A national dish is a culinary dish that is strongly associated with a particular country. A dish can be considered a national dish for a variety of reasons:
- It is a staple food, made from a selection of locally available foodstuffs that can be prepared in a distinctive way, such as fruits de mer, served along the west coast of France.
- It contains a particular ingredient that is produced locally, such as the South American paprika grown in the European Pyrenees.
- It is served as a festive culinary tradition that forms part of a cultural heritage—for example, barbecues at summer camp or fondue at dinner parties—or as part of a religious practice, such as Korban Pesach or Iftar celebrations.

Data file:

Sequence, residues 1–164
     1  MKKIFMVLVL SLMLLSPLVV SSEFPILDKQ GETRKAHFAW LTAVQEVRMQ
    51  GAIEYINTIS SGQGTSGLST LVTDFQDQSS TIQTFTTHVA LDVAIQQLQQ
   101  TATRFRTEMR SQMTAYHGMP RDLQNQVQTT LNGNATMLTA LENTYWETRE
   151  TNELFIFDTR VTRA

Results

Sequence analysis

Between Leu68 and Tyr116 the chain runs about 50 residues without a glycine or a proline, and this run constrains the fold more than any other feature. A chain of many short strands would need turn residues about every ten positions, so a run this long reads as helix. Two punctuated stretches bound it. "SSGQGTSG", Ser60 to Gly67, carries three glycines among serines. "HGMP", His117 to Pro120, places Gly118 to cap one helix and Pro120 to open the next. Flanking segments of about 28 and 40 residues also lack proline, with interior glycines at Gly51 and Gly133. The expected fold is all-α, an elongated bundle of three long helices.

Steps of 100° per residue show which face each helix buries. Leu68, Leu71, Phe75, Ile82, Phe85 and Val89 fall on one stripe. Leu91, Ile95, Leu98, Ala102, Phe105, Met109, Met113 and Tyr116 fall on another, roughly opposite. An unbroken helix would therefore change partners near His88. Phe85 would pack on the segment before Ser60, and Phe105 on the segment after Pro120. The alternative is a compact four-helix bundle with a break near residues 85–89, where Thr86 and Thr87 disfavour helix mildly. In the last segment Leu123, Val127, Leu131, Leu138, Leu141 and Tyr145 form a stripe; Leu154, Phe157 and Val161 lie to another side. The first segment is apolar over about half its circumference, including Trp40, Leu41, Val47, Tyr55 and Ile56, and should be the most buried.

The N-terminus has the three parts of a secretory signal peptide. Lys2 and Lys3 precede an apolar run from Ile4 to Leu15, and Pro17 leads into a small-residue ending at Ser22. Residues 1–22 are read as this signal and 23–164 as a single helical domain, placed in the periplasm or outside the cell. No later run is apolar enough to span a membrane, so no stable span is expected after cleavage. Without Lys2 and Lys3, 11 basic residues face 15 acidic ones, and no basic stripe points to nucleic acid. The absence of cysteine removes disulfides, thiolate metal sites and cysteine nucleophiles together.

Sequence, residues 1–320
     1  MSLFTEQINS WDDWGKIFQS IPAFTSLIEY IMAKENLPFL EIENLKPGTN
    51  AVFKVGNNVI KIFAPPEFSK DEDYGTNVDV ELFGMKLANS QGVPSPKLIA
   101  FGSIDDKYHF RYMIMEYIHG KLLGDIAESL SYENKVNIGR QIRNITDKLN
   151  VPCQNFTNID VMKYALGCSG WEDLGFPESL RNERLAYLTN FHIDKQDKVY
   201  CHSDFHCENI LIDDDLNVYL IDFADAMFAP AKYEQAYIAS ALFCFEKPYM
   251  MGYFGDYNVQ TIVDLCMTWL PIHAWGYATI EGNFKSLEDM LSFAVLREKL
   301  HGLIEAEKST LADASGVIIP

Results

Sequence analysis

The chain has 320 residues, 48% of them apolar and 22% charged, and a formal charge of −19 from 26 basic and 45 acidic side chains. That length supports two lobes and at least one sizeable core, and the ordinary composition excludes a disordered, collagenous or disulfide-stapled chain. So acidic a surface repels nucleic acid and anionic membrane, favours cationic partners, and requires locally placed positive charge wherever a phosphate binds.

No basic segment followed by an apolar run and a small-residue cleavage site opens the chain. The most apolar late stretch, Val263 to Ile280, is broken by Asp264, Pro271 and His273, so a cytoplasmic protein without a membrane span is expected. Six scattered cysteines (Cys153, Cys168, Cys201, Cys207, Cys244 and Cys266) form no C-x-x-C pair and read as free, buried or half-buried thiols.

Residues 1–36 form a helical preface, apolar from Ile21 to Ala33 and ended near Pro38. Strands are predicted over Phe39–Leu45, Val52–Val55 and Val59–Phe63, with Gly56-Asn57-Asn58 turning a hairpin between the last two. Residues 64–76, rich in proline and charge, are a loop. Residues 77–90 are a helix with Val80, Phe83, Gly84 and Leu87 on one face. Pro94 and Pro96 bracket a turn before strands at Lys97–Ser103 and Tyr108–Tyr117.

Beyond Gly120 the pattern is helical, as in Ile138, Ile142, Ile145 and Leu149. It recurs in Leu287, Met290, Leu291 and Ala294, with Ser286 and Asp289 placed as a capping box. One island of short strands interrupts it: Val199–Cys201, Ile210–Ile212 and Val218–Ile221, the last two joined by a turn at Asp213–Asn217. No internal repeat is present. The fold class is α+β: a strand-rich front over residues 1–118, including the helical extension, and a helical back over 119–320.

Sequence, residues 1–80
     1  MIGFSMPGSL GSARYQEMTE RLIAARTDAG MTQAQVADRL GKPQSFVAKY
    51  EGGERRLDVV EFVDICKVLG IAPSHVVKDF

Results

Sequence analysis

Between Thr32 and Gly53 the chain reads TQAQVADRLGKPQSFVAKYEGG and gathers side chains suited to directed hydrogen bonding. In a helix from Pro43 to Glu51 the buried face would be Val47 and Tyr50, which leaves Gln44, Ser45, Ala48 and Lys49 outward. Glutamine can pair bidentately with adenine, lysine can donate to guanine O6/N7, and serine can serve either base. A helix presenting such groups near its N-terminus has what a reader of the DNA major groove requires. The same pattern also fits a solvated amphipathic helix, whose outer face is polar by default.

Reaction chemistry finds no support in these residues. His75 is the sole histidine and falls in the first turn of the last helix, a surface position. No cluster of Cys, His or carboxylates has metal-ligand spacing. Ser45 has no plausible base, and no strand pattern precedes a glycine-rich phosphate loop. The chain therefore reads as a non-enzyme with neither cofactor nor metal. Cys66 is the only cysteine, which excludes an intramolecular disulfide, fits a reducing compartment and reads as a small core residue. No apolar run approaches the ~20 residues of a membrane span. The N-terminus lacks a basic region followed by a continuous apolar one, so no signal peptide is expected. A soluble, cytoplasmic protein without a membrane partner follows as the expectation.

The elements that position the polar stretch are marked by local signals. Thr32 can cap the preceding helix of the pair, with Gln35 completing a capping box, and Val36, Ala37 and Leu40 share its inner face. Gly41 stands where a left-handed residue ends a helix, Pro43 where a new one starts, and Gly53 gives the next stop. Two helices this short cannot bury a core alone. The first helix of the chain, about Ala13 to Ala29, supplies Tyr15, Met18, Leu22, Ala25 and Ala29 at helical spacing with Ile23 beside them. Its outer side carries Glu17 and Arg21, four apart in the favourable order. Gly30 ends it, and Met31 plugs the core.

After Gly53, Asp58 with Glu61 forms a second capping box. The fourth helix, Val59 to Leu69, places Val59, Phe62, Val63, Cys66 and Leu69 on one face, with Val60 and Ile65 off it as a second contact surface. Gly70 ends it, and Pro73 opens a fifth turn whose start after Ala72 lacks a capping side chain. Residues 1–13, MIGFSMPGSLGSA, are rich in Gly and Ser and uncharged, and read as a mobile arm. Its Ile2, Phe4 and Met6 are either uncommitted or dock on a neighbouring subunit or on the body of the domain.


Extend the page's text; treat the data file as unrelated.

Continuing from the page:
- It has been promoted as a national dish, by the country itself, such as the promotion of fondue as a national dish of Switzerland by the Swiss Cheese Union (Schweizerische Käseunion) in the 1930s.
National dishes are part of a nation's identity and self-image. During the age of European empire-building, nations would develop a national cuisine to distinguish themselves from their rivals.
According to Zilkia Janer, a lecturer on Latin American culture at Hofstra University, it is impossible to choose a single national dish, even unofficially, for countries such as Mexico, China or India because of their diverse ethnic populations and cultures. The cuisine of such countries simply cannot be represented by any single national dish. Furthermore, because national dishes are so interwoven into a nation's sense of identity, strong emotions and conflicts can arise when trying to choose a country's national dish.